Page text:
Deakin scientists are leading the way when it comes to taking the latest battery research out of the lab and into your phone, after creating a first-of-its-kind lithium metal battery prototype using specially-designed electrolytes.
The breakthrough from Deakin’s Institute for Frontier Materials (IFM) represents a viable alternative to the popular rechargeable lithium-ion batteries currently in use in portable electronics and electric vehicles; and is the culmination of more than 10 years of work at Deakin by IFM electromaterials experts led by Professors Maria Forsyth and Patrick Howlett.
Professor Howlett, Director of the University’s Battery Technology Research and Innovation Hub (BatTRI-Hub), said the new 1Ah (one amp-hour) sized lithium metal pouch cell was the first such battery Deakin had created using ionic liquid electrolytes – allowing for good safety, high temperature stability, and high voltage stability for increased energy storage capacity.
“Over the past 30 years, researchers at Deakin and Monash University have been working on a new class of electrolyte material called an ionic liquid, which is a salt that takes on a liquid form at room temperature,” Professor Howlett said.
“These materials have some unique properties that have begun to attract widespread interest in the battery community, due in large part to the work done at Deakin.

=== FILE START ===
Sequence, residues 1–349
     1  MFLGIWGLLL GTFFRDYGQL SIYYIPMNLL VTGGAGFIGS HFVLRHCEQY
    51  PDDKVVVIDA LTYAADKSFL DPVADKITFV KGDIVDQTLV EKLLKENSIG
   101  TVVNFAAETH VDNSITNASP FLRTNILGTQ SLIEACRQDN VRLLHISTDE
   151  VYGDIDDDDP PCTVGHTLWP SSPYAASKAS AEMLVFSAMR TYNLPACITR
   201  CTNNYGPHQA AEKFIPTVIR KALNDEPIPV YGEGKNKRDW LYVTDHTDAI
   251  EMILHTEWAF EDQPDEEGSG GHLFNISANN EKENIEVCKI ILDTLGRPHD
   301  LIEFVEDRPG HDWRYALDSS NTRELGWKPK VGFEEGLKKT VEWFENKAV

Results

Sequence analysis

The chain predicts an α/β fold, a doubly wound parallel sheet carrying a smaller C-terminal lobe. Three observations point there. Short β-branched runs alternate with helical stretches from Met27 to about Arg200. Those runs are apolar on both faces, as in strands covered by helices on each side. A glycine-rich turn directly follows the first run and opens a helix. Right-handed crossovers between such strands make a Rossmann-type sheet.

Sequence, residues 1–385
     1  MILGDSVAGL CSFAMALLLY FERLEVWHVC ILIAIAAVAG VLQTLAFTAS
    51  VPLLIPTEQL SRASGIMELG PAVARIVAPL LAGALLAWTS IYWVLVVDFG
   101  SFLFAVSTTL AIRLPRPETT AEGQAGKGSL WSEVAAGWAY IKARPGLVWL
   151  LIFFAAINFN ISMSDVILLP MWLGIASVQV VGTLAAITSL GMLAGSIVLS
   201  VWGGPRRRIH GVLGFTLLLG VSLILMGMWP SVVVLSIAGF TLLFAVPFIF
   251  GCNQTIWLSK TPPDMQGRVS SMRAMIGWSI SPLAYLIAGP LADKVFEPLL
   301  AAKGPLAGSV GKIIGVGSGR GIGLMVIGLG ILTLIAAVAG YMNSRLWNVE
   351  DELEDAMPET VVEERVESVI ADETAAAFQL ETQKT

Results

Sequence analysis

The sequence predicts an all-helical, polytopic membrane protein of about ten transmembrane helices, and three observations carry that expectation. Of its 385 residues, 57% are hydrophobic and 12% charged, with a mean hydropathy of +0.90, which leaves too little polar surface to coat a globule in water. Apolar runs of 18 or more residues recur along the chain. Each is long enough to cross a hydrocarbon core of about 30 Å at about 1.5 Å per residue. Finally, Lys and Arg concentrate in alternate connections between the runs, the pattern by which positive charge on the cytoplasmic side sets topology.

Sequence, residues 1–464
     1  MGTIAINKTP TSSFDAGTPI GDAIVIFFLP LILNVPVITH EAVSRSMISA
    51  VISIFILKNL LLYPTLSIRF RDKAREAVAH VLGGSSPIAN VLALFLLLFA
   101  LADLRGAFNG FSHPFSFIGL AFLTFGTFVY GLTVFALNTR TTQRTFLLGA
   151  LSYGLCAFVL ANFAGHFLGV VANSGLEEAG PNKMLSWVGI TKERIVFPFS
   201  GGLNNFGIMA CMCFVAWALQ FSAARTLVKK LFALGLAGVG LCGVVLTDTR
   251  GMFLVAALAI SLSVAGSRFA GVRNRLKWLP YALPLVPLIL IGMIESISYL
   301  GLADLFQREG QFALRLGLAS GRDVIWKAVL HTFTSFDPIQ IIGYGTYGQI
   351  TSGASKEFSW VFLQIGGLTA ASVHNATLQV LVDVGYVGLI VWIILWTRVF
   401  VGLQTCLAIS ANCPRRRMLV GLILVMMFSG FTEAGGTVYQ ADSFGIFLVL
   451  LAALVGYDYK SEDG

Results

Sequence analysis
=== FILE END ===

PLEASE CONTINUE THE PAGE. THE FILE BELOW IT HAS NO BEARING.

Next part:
“Ionic liquids are non-volatile and resistant to catching fire, meaning that unlike the electrolytes currently used in lithium-ion cells used by, for example Samsung and Tesla, they won’t explode. Not only that, but they actually perform better when they heat up, so there’s no need for expensive and cumbersome cooling systems to stop the batteries from overheating.”
Those benefits aside, the aspect of ionic liquid electrolytes that has most energised the team’s research efforts is their outstanding ability to cycle energy-dense lithium metal electrodes. IFM Research Fellow Dr Robert Kerr has worked on translating these materials into real devices.
“By changing the materials that go into the batteries, we can change a number of key features,” Dr Kerr said.
“For example, if we change the electrodes to include lithium metal we can increase the storage capacity for up to 50 per cent longer run-times. When we change the electrolyte, it can give a higher discharge rate or allow the battery to operate at much higher temperatures – but the electrolyte must be compatible when in contact with the reactive lithium metal electrode.
“By choosing the right electrolyte chemistry we can completely avoid the catastrophic explosions caused by ignition of the volatile electrolyte when the cell is damaged or overcharged.”
The project has been progressing at a rapid pace since the formation of the Deakin BatTRI-Hub in 2016.
“The use of lithium metal electrodes in lithium metal batteries isn’t common in the battery industry, so there’s little known about the best way to manufacture these cells at practical levels for demonstration,” Dr Kerr said.
“After years of painstaking attention to manufacturing processes and details, the team has achieved a benchmark level that’s sure to make everyone in the industry sit up and take notice. While this is just a stepping stone on the way to 1.7Ah cells, which are soon to be in production, this is an important milestone in the battery world for the demonstration of a new technology.”